Iraqi activists live in fear as death squad killings rise – new report

December 2018

Report PDF: Civilian Activists under Threat [PDF]

Civilian activists in Iraq are facing arbitrary detention, torture and premeditated assassinations, including at the hands of Shi’a militia members of the Popular Mobilization Forces (PMF), reports a new bulletin published today by the Ceasefire Centre for Civilian Rights and Minority Rights Group International. Hundreds of human rights defenders have been detained and mistreated, and scores have been killed.

Report PDF: Civilian Activists under Threat [PDF]

Civilian activists in Iraq are facing arbitrary detention, torture and premeditated assassinations, including at the hands of Shi’a militia members of the Popular Mobilization Forces (PMF), reports a new bulletin published today by the Ceasefire Centre for Civilian Rights and Minority Rights Group International. Hundreds of human rights defenders have been detained and mistreated, and scores have been killed

Drawing on thousands of accounts of violations uploaded on Ceasefire’s violations reporting platform, the bulletin details a pattern of attacks on civilian activists including protestors, journalists and media workers, lawyers, women in public life, and other human rights defenders. In addition to the use of excessive force against protestors on the streets, there has in recent months been a campaign of systematic death threats and premeditated assassinations.

‘While international attention is focused on the ISIS war, much of central and southern Iraq remains under the grip of Shi’a militias,’ said Ceasefire’s Director, Mark Lattimer. ‘The militias meet any criticism with violence and they know they can kill with impunity.’

Official investigations announced into the deaths of activists have failed to progress, with perpetrators generally described as ‘unknown’. Lawyers representing activists have themselves been targeted for intimidation or attack. While the 2005 Iraqi constitution acknowledges the role of civil society and protects freedoms of expression and assembly, relevant legislation in Iraq is outdated and activists remain highly vulnerable.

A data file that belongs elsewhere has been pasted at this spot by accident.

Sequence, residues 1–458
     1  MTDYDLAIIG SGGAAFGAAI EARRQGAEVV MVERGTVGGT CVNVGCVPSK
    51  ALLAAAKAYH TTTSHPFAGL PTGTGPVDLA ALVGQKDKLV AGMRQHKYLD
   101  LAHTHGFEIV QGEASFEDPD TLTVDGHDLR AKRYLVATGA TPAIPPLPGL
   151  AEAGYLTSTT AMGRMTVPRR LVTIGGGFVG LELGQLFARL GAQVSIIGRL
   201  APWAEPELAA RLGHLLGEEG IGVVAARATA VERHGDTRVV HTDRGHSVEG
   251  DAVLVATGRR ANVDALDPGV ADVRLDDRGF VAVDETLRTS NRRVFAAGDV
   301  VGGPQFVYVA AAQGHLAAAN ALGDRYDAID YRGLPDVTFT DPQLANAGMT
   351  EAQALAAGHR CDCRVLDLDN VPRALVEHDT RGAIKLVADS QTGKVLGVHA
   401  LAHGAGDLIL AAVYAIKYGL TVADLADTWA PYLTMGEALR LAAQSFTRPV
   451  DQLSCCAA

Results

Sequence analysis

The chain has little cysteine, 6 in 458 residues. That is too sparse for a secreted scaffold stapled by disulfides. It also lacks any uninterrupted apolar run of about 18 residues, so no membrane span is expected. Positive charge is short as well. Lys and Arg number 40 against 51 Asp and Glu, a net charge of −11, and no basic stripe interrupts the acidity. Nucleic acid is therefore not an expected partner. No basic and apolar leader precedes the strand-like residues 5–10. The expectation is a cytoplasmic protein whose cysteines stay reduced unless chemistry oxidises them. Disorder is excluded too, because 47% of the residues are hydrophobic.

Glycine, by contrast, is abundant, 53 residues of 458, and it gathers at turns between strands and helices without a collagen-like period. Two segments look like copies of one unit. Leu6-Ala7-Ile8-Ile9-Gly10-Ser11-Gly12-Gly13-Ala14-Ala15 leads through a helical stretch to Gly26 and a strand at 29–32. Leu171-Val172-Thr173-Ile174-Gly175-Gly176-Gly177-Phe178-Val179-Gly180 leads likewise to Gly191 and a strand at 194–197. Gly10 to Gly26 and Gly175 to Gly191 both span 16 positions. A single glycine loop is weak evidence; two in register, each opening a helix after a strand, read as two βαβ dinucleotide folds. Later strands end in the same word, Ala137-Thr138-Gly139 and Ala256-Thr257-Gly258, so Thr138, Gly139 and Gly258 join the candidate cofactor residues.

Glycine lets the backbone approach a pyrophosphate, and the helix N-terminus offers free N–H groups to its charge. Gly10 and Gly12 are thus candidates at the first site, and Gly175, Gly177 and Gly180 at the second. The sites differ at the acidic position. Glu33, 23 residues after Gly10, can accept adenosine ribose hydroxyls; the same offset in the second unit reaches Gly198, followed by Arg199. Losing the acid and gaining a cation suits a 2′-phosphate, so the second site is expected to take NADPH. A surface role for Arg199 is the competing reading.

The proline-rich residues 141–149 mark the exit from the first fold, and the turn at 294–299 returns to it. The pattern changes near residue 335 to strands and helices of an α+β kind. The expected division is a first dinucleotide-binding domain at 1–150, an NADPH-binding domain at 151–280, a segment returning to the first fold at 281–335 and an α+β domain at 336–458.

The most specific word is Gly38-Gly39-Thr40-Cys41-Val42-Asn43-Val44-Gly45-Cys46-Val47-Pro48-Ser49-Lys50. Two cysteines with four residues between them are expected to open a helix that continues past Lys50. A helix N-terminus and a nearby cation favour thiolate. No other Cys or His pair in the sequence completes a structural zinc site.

“The most powerful militias in the PMF have a long reputation for sectarian killing, but now they are turning on their own,’ added Mr Lattimer. ‘Activists in Basra and many southern and central cities are being gunned down simply for organising protests against corruption and poor services.’

Created in 2014 as an umbrella for militias fighting ISIS, the Hashd al-Sha’abi or Popular Mobilization Forces are now believed to number some 140,000 fighters. They include powerful militias supported by Iran such as the Badr Organisation, Kata’ib Hezbollah and Asa’ib Ahl al-Haq. They were given official status by former prime minister Haider al-Abadi and now operate with the authority of the Iraqi state.

The report recommends that all security forces in Iraq, including the PMF, are brought under unified command and control that is accountable to the government, and that any other armed militias are disbanded and an effective demobilization, disarmament and re-integration (DDR) process implemented. Prompt, impartial, independent and effective investigations should be conducted into all instances of alleged assassinations and other arbitrary killings of civilian activists and the results made public.

The report also recommends that international donors investigate corruption in the procurement or delivery of the services and development programmes they support in Iraq. Widespread popular protests against poor services, unemployment and corruption erupted in Basra, Baghdad, and other Iraqi cities over the summer and have since continued.

Notes for editors:

Civilian Activists under Threat in Iraq is published by the Ceasefire Centre for Civilian Rights and Minority Rights Group International on 13 December 2018. Cases cited in the bulletin include those reported on the Ceasefire violations reporting platform at https://iraq.ceasefire.org a secure, digital, bilingual (Arabic/English) tool that enables civilians to report violations of human rights and international humanitarian law, using reporting formats that conform to international standards (including identification details). Reports submitted are moderated before being made publicly available in anonymized form. For further details, including a discussion on the verification of reports, see our Eyes on the Ground report at https://www.ceasefire.org/eyes-on-the-ground-realizing-the-potential-of-civilian-led-monitoring-in-armed-conflict/

For further information or interviews with Mark Lattimer, Director, please email contact@ceasefire.org or call +44 7970 651342.

 

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